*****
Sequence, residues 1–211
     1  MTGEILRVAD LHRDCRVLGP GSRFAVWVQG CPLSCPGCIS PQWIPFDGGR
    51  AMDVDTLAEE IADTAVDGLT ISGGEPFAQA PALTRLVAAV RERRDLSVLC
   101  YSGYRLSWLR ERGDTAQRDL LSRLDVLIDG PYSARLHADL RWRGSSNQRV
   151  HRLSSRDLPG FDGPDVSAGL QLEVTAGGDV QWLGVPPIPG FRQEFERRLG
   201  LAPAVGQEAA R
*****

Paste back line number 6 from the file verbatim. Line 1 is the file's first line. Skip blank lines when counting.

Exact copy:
   201  LAPAVGQEAA R